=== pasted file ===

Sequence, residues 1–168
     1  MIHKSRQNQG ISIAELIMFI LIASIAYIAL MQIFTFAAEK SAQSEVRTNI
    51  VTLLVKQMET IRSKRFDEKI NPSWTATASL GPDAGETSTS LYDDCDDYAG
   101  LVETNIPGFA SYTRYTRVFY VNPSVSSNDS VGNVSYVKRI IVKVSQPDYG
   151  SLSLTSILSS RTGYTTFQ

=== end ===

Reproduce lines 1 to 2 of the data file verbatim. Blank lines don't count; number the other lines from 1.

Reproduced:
Sequence, residues 1–168
     1  MIHKSRQNQG ISIAELIMFI LIASIAYIAL MQIFTFAAEK SAQSEVRTNI